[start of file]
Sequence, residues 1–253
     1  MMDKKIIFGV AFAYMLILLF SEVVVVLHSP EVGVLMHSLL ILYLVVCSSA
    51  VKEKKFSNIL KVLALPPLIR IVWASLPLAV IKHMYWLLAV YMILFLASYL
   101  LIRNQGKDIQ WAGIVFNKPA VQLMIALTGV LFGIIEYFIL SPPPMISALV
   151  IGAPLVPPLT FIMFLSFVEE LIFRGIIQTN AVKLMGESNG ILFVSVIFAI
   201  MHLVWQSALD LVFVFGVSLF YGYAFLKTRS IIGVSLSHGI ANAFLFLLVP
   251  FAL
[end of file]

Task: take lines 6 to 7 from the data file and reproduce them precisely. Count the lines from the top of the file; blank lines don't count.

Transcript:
   201  MHLVWQSALD LVFVFGVSLF YGYAFLKTRS IIGVSLSHGI ANAFLFLLVP
   251  FAL